My hope for this weekly space throughout the season is that I will be able to breakdown how and why a specific Suns player is doing what you’re already seeing by watching the games. I hope you’re seeing the same things as me in T.J. Warren, which I wrote about last week.
While Warren’s breakout has been nice (particularly his defensive improvements), Devin Booker made the process of choosing the newest Phoenix Suns Player of the Week quite easy. In four games this week, Devin Booker’s stats:
.474 FG/.360 3PT/.966 FT
Astounding, incredible, eye-popping, wonderful to watch. Right?
I’m not here to tell you any different, but I offer this: Does any of that matter? The numbers, I mean. Winning, losing, tying, whatever; this season was destined to be about more large-scale propositions than those. And in looking at the Suns’ 2-6 record from that vantage point, there are so many reasons to be excited. Devin Booker is Reason Number One (and yes I love that as a nickname as well. Print the jerseys.)
As Suns fans, we have been spoiled, hosting a two-time MVP and mind-bendingly gifted playmaker in our Valley for the better part of a decade. We all have more memories than we know what do with of Steve Nash stretching plays out with his forays under and around the basket, popping passes through legs and over heads, or pulling up from deep three-point range in transition. Yet I have always yearned for more.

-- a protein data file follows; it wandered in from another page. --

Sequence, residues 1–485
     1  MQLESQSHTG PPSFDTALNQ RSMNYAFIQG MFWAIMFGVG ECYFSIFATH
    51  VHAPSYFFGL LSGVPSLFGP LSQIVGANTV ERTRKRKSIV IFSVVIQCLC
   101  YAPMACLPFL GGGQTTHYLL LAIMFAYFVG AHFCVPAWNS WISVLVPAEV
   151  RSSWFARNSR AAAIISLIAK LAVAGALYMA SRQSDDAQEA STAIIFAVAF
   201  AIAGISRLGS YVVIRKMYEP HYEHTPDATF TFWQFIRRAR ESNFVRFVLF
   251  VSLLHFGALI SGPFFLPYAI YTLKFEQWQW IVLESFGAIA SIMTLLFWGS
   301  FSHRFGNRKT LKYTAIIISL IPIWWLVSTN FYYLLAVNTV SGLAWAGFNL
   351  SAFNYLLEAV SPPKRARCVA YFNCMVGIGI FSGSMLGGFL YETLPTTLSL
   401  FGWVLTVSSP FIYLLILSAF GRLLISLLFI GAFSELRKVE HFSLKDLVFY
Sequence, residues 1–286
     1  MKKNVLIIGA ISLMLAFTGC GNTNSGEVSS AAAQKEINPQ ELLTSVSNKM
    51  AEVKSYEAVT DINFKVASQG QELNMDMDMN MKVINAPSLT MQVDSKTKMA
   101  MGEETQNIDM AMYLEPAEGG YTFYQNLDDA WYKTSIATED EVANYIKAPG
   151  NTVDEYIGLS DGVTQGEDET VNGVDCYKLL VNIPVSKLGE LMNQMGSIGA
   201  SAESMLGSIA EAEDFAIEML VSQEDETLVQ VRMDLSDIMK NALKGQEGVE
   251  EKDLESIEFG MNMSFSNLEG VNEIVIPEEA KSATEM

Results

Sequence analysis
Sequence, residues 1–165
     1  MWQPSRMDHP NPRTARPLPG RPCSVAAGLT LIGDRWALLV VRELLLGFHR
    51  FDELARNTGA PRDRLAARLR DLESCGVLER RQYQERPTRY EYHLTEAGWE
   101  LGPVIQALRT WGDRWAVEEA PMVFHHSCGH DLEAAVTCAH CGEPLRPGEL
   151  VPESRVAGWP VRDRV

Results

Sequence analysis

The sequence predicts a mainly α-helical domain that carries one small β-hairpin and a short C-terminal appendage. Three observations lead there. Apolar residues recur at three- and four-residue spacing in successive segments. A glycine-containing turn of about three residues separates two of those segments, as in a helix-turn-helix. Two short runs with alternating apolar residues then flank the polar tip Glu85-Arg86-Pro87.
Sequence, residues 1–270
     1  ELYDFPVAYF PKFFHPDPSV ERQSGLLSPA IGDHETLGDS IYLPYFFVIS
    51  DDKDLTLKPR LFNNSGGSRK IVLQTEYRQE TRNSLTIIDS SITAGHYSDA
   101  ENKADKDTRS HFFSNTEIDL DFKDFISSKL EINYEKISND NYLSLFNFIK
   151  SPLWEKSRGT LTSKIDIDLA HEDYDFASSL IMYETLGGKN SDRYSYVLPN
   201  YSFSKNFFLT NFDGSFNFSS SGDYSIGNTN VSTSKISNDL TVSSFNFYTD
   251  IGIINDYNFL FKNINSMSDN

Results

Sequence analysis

Sure, it’s probably some psychological mechanism wherein my mind convinces itself that the grass is greener elsewhere, or something. Bah. I always wanted a traditional superstar. I think I’ve found him in Devin Booker.
Seeing the SSOL Suns teams break out amid an era of midrange bombing and post-ups a plenty was fun because those teams were basically the pride of the entire league outside of San Antonio and Los Angeles. They were also occasionally unfun in retrospect because they lacked the ingredient that generally trumps tactics or toughness: the traditional superstar.
The guy who immediately goes to work on mismatches; whose vision is unparalleled, release time immeasurable, passion unfiltered. The guy who wins games himself, but also supports the team on his way to victory. Kobe Bryant, Dwyane Wade, Paul Pierce. Devin Booker?
Now, I’m also not here to pretend that having a player who can add deep-shooting proficiency to that list isn’t more impactful, especially in today’s modern NBA. Devin Booker is not the same player as those midrange mavens of years gone by; he has a chance to be the focal point of an even more efficient offense, if he can get his struggles in check.
But when you can do this:
And also this:
At the shooting guard position, you give your team a nightly advantage.
Consecutively chopping up lower-tier teams is what great scorers do. However, Booker at this juncture also does a lot to the disadvantage of the Suns. It doesn’t take long to notice Booker’s weaknesses on the defensive end:
Even against a great screener like Timofey Mosgov, the young man has to be better at both alert movement and quick recovery. Learning defense at the NBA level is such a difficult task, but Booker does appear to have the athleticism and foot speed to time those movements correctly in the long-term.
He can stick with his man nicely in more simplified situations:
For now though, he sometimes cedes points as quickly as he scores them.
Again, it’s all about expectations, and they were low heading into the year for the Phoenix Suns. On an individual level, however, they were quite high for players like Devin Booker who were expected to make The Leap. After a fiery second week, it appears Reason Number One is well on his way to pole vaulting over the rest of the league and cementing himself as a modern version of the type of star Phoenix has never had.